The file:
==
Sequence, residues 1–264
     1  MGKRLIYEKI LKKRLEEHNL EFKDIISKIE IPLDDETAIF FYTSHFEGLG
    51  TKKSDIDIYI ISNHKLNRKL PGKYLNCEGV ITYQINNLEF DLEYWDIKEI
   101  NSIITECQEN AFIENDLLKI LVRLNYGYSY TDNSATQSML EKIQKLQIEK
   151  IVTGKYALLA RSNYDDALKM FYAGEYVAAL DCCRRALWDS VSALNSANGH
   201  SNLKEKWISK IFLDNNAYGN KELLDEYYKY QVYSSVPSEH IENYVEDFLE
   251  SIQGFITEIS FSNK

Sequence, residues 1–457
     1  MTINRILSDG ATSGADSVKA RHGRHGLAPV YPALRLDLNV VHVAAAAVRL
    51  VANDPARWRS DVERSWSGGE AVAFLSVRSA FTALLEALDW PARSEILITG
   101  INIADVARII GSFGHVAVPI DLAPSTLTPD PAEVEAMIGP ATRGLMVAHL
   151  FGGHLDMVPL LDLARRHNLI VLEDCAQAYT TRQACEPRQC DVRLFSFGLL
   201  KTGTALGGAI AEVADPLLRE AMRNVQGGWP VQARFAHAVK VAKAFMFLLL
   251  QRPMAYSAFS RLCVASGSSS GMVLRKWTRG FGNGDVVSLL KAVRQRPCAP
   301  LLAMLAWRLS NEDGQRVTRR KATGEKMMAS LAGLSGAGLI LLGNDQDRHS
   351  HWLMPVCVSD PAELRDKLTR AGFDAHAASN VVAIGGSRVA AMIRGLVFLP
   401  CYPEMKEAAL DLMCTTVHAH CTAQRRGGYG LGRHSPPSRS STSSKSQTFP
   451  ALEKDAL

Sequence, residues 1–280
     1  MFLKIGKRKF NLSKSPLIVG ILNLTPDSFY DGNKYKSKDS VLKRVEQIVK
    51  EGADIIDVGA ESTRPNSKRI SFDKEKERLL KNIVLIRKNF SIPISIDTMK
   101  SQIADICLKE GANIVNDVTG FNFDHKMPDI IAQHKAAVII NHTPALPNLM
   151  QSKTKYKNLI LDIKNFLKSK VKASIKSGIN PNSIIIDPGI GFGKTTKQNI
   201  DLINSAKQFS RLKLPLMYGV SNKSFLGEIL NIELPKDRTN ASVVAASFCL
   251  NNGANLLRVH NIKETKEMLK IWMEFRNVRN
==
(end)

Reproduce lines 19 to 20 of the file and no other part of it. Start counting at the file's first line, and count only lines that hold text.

Sequence, residues 1–280
     1  MFLKIGKRKF NLSKSPLIVG ILNLTPDSFY DGNKYKSKDS VLKRVEQIVK